McIlvane Marsh Preserve

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 McIlvane marsh Location  McIlvane Marsh looking from SR82 southwest to Marco Island

Address / Location:  Located northeast of Marco Island, with currently gated access from Curcie Road off CR 82, surrounded by state and federal conservation lands, the McIlvane Marsh Project consists of an 800-acre mangrove salt marsh.  Conservation Collier acquired 369 acres between 2007 and 2009.  Collier County also owns 20 acres within McIlvane Marsh, acquired as mitigation in a land swap in 1999, making a total of 389 acres in County ownership for conservation.   The State of Florida owns 329 acres within the marsh in a mosaic pattern with Conservation Collier lands, for a total of nearly 718 acres out of the 800-acre marsh currently in conservation status.  Conservation Collier is seeking to partner with Rookery Bay National Estuarine Research Reserve, the entity having local state management authority, for ongoing management of the marsh, in providing public fishing opportunity in the borrow pit shown above.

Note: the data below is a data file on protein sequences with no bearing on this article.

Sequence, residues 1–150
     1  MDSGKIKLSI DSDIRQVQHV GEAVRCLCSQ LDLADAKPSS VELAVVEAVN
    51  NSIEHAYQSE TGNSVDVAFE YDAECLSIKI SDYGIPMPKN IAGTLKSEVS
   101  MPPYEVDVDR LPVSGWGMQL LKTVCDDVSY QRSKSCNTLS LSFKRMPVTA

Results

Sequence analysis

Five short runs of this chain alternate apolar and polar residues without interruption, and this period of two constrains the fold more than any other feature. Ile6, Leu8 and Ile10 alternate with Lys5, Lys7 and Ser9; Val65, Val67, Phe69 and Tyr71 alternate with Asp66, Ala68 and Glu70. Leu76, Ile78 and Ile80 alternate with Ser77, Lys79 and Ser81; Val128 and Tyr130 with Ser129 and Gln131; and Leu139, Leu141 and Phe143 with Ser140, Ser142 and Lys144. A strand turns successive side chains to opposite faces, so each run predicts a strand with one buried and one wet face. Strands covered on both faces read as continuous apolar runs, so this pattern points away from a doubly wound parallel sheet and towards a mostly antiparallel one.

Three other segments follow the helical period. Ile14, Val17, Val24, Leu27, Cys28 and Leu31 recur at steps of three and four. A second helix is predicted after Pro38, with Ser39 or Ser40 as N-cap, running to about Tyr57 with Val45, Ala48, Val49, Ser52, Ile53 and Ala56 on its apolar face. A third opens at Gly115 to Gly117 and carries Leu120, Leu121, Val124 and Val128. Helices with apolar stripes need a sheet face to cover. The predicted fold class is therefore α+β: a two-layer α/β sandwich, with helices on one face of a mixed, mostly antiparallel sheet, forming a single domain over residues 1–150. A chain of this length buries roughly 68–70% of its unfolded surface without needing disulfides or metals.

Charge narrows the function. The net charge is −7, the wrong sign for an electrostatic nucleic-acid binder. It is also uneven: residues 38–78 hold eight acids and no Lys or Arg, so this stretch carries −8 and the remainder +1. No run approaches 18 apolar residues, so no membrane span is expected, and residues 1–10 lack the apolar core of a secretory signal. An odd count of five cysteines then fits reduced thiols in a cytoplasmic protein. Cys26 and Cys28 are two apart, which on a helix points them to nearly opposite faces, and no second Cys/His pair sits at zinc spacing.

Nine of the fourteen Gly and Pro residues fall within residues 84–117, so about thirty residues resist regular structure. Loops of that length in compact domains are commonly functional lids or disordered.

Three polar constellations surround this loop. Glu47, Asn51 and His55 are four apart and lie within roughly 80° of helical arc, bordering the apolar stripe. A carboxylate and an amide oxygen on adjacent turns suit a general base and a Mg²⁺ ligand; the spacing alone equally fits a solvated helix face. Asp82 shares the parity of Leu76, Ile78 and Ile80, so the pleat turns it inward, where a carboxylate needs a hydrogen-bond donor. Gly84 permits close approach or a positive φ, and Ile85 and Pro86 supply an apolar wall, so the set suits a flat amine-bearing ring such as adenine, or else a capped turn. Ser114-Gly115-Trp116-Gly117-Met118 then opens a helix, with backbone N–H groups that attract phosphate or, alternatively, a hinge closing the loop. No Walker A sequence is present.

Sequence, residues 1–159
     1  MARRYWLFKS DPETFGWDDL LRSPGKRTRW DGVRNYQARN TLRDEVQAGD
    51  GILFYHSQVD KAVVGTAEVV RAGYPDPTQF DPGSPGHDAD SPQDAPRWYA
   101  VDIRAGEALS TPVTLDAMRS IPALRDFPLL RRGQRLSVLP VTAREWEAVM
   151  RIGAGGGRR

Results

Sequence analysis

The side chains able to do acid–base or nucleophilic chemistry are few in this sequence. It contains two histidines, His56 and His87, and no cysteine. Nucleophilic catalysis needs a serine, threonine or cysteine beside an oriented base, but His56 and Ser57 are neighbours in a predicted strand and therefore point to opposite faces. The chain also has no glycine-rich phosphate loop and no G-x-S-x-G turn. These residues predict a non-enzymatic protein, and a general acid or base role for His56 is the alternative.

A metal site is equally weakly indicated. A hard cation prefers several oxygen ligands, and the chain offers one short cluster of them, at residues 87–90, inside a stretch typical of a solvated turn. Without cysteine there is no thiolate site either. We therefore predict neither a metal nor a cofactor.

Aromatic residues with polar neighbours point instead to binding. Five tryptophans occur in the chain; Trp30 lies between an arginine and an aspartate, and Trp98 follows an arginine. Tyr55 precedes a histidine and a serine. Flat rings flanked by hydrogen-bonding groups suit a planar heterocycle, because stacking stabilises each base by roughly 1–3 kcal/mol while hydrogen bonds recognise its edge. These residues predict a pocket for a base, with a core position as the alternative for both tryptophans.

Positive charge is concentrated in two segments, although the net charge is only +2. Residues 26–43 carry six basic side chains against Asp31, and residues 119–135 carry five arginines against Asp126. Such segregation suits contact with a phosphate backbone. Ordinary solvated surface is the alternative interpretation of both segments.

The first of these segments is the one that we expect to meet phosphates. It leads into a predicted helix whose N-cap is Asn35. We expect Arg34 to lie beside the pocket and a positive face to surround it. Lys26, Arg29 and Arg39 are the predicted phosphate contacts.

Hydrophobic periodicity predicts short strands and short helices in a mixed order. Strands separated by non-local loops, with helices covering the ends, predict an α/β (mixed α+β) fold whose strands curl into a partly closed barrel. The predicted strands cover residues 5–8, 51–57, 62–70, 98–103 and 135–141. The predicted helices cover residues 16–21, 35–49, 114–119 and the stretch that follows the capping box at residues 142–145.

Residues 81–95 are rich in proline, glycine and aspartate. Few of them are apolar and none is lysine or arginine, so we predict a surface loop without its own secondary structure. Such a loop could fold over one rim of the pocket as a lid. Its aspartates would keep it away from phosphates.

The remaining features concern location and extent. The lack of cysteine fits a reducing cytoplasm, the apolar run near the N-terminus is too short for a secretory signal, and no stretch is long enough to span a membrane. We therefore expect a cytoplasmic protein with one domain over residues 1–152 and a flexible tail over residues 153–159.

Manager Contact Information: Molly DuVall
Phone: (239)-252-2960

Preserve Size: 389 acres

Dates Acquired: Between July 2007 and August 2009

Cost of Acquisition: $2,802,900

Printed materials:  Interim Management Plan

Public Access Facilities:  McIlvane Marsh preserve is currently gated and not open to the public. 

Plants and Wildlife: Native plant communities existing in the marsh include mangrove swamp and salt marsh.  The area is home to listed species including American crocodile, American alligator, snowy egret, wood stork, tri-colored heron, osprey, little blue heron, bald eagle, everglades snail kite, Florida panther and Florida black bear.  Many other species of birds and amphibians also live within and utilize the McIlvane Marsh. 

 McIlvane Marsh mangrove swamp  McIlvane Marsh habitat

Reason for Acquisition: The McIlvane Marsh contains coastal wetlands that protect water resource values by providing habitat for wetland dependent wildlife, many of them listed species.  The marsh serves as a filter for pollutants running off adjacent developed areas before the water reaches nearby marine and estuarine communities and protects developed properties to the north from hurricane storm surge.